Food allergy problem, need suggestions

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PittiMama03031
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Food allergy problem, need suggestions

Postby PittiMama03031 » Fri Aug 08, 2008 8:59 am

Hi. Moose is having skin problems on his current food. He is getting rashes in between his toes, and on his face. He is on Merrick wilderness now, he had been on the turducken for a bout a month. We thought it was the turducken that was causing it, so we switched him to the wilderness. We have tried him on the NV prarie and he had a reaction to that too. Can anyone suggest which food I should try next?

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Maryellen
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Postby Maryellen » Fri Aug 08, 2008 9:17 am

are you sure its not airborne? my allergies are annoying me right now, so it could be airborne and not food. has the vet done a blood allergy test for airborne allergies? that is the only way to find out if its airborne or not

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meginok
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Postby meginok » Fri Aug 08, 2008 9:38 am

If you are concerned with food allergies, I would try a limited-ingredient food. I know a lot of folks are on the fence about Natural Balance, but they offer two decent limited ingredient diets. I think Wellness may offer one with fish?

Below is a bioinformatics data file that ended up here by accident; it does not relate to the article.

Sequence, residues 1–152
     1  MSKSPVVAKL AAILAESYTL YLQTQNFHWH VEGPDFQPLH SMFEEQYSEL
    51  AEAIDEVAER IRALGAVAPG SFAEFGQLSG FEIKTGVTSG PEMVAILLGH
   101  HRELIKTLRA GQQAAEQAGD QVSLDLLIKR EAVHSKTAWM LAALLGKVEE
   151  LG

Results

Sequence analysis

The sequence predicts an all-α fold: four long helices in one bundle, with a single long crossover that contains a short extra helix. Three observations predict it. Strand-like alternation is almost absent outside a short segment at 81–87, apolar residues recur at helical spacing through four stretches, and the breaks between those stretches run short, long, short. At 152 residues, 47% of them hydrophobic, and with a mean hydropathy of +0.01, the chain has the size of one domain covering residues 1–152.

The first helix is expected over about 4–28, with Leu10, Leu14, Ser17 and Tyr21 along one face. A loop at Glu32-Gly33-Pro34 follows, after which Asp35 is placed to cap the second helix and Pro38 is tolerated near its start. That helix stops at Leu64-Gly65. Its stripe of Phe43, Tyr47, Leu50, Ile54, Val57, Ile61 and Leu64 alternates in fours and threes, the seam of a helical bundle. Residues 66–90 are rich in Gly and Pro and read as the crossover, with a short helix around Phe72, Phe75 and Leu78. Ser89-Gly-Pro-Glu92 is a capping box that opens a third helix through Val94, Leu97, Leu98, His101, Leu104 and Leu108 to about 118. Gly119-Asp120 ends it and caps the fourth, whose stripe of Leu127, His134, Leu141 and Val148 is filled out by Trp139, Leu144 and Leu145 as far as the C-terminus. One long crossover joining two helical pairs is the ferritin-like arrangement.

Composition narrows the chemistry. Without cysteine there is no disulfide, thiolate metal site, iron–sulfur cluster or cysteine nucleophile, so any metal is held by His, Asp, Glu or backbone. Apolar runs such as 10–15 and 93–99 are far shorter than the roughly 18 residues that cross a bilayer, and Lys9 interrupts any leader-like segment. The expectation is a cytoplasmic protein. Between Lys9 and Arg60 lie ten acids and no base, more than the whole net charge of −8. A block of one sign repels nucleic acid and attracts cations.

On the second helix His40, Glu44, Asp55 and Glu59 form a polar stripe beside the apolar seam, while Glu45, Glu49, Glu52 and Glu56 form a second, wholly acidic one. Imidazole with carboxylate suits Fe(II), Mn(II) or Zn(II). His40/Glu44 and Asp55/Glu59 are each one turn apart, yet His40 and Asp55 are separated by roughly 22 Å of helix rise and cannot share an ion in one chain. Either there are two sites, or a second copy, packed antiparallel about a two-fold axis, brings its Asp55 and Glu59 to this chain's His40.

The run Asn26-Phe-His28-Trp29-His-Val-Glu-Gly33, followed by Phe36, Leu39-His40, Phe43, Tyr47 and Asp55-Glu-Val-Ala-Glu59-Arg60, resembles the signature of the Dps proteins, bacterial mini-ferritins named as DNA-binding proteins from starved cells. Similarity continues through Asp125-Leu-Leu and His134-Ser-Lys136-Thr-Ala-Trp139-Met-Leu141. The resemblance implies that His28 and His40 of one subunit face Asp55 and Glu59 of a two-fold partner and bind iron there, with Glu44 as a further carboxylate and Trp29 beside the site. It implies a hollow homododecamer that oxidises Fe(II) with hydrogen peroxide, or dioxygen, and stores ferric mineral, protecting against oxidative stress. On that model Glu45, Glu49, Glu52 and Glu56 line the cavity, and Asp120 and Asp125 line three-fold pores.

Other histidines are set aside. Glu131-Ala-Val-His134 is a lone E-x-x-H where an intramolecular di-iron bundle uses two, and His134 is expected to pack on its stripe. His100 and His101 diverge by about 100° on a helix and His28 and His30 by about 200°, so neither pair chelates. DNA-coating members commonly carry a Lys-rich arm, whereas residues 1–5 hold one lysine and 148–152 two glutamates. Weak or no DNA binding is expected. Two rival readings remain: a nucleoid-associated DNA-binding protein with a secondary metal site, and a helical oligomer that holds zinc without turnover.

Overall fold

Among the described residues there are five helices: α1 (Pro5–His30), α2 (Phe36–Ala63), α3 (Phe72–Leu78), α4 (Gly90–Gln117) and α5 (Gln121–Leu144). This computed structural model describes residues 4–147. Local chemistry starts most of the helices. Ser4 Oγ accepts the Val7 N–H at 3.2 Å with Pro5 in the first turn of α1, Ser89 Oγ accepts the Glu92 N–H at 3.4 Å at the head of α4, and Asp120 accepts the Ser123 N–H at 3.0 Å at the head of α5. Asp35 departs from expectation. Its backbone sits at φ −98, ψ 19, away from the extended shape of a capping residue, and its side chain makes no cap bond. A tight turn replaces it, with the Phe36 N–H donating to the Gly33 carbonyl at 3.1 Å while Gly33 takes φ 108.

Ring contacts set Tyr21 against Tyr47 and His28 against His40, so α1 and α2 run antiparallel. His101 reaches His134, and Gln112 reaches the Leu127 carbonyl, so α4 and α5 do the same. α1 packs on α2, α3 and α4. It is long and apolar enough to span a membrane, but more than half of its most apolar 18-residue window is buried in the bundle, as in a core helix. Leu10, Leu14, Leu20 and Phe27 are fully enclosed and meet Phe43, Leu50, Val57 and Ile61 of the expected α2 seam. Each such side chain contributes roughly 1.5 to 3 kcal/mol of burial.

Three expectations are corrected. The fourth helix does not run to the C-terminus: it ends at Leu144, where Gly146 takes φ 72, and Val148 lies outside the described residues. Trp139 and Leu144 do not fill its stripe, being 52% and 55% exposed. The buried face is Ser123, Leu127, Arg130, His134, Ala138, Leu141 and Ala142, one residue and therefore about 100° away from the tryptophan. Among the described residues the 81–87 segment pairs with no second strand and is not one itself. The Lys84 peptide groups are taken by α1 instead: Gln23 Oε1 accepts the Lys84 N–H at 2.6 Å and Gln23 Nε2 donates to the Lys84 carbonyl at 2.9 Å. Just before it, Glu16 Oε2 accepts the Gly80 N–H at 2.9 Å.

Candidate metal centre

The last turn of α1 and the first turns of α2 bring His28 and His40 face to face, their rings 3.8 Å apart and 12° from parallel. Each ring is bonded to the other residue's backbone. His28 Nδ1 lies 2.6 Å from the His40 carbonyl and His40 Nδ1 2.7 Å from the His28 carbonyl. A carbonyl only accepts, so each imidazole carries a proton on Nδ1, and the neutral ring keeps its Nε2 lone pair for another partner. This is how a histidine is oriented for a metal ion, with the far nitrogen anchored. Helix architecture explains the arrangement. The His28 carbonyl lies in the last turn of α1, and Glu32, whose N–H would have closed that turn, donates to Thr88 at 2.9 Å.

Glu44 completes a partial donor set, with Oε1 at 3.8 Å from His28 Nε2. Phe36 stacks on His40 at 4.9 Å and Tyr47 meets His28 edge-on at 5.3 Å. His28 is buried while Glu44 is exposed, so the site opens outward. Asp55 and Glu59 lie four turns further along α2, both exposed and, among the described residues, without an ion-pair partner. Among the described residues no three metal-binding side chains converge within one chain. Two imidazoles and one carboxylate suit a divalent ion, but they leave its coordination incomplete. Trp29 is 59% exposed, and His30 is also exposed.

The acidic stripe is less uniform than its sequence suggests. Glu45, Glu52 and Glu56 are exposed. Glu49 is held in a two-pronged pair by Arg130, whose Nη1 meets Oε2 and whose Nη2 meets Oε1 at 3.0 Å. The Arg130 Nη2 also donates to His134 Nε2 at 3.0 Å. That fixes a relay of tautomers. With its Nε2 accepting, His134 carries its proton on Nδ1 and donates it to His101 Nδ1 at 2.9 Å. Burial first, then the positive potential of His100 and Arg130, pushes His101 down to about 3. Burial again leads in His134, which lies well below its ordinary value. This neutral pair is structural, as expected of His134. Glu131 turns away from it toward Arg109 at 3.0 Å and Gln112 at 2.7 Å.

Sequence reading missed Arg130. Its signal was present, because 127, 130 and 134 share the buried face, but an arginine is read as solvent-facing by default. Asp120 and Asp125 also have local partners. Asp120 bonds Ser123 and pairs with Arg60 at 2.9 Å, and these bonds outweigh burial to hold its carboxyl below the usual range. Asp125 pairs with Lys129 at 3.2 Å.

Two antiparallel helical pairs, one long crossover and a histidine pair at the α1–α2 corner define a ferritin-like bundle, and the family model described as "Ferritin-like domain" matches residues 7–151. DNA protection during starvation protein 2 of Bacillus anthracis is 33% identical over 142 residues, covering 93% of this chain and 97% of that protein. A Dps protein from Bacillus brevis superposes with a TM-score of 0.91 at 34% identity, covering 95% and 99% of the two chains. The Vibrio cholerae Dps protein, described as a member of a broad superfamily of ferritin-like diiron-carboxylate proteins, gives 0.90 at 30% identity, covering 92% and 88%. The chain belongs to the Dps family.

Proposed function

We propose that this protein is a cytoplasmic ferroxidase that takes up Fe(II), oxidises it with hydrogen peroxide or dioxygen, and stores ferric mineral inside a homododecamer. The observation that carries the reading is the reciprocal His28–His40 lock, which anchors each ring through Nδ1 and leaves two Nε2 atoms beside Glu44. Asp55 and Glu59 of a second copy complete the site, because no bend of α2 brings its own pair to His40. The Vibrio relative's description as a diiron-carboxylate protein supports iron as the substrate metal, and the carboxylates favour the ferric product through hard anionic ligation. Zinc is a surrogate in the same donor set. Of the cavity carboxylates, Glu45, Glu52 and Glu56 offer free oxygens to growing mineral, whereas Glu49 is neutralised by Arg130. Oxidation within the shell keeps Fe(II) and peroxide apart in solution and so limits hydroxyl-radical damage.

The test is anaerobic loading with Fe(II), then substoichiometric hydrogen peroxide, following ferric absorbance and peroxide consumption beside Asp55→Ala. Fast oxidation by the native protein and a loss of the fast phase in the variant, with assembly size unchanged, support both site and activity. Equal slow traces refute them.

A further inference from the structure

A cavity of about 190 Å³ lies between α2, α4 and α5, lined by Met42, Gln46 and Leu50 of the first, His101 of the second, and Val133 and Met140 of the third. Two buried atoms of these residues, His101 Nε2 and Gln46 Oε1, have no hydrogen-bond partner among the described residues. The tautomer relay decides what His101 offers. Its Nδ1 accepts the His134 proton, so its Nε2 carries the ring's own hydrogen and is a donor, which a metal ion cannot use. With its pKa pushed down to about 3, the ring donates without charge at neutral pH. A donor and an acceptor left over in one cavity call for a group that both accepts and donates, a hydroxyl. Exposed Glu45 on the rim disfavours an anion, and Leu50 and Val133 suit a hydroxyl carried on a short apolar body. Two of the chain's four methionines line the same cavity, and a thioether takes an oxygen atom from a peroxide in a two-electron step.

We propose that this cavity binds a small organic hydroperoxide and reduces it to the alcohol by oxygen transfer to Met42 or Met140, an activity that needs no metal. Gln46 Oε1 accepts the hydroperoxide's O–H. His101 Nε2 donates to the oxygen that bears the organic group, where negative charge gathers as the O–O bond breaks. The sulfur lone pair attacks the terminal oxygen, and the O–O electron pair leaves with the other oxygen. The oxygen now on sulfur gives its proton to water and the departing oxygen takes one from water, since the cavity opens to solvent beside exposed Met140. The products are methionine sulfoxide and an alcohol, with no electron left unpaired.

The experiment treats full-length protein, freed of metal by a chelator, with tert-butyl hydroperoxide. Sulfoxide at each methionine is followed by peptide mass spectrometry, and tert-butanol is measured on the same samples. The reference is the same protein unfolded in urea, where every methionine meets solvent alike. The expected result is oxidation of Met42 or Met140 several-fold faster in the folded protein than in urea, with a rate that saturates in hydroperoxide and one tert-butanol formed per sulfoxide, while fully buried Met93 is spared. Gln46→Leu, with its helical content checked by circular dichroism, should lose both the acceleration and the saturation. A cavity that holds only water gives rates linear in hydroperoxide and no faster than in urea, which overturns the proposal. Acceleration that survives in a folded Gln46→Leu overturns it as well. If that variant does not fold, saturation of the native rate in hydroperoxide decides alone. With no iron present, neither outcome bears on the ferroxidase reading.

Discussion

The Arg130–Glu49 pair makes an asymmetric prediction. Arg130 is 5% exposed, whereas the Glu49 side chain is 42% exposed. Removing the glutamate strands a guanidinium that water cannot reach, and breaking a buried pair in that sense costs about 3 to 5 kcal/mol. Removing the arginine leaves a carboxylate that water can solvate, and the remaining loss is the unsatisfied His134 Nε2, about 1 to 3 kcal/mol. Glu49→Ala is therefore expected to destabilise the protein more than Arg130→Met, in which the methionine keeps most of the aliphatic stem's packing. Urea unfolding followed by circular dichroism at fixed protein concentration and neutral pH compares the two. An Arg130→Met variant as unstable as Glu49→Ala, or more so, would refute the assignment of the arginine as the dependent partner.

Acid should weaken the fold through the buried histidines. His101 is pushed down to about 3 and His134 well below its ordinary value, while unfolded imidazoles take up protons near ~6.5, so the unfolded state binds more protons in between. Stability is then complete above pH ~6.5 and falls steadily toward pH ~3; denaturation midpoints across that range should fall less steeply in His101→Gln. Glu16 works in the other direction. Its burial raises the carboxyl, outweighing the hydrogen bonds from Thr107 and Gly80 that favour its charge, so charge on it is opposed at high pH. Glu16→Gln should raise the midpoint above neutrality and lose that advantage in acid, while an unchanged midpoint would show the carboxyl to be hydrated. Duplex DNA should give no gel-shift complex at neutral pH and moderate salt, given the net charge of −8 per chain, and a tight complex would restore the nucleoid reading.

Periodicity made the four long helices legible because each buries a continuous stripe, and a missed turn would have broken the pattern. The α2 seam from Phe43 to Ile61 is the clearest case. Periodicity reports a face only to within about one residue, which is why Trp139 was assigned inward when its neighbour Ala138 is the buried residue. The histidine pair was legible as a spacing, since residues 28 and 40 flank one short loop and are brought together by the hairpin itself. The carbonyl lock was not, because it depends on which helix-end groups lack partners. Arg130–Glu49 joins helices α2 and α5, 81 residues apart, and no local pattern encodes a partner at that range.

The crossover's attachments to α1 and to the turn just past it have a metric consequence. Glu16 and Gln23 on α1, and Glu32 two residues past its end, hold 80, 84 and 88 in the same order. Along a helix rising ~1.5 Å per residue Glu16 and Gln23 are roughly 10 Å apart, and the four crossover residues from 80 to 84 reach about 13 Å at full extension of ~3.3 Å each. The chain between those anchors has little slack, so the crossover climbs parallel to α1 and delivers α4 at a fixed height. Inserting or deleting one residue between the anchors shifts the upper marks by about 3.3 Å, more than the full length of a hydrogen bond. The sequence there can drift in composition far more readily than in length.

Good luck! I have a girl who had MAJOR (i.e. chronic vomited) food allergies or intolerances, and she was a new dog when we got everything figured out.

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6pak
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Postby 6pak » Fri Aug 08, 2008 10:45 am


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Jazzy
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Postby Jazzy » Fri Aug 08, 2008 1:31 pm

I know a lot of folks are on the fence about Natural Balance, but they offer two decent limited ingredient diets.


What did I miss about Natural Balance? I just emailed them and asked for samples...

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meginok
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Postby meginok » Fri Aug 08, 2008 2:33 pm

I was just talking about whether people consider it a high-quality food or not. I've seen it "knocked" a lot. They were one of the few "super-premium" brands that experienced recalls back in that terrible pet food mess.

I've fed it before with good results, and their duck/potato is one of only two commercial dog food formulas readily available in central OK that I know for a fact my allergy girl can eat without getting sick. I'd feed it again, in a heartbeat. I just currently feed Healthwise (by Natura) lamb/oatmeal, because it's over $10 cheaper a bag.

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A-Ron
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Postby A-Ron » Fri Aug 08, 2008 3:42 pm

Good luck! I have a girl who had MAJOR (i.e. chronic vomited) food allergies or intolerances, and she was a new dog when we got everything figured out.